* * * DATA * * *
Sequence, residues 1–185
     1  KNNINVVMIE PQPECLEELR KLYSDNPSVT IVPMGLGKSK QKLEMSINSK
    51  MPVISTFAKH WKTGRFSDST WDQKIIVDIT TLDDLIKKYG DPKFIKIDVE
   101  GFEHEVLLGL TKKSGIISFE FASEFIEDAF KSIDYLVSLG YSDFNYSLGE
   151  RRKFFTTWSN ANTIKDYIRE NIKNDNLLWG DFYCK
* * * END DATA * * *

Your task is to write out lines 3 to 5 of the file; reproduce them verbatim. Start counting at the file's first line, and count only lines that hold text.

    51  MPVISTFAKH WKTGRFSDST WDQKIIVDIT TLDDLIKKYG DPKFIKIDVE
   101  GFEHEVLLGL TKKSGIISFE FASEFIEDAF KSIDYLVSLG YSDFNYSLGE
   151  RRKFFTTWSN ANTIKDYIRE NIKNDNLLWG DFYCK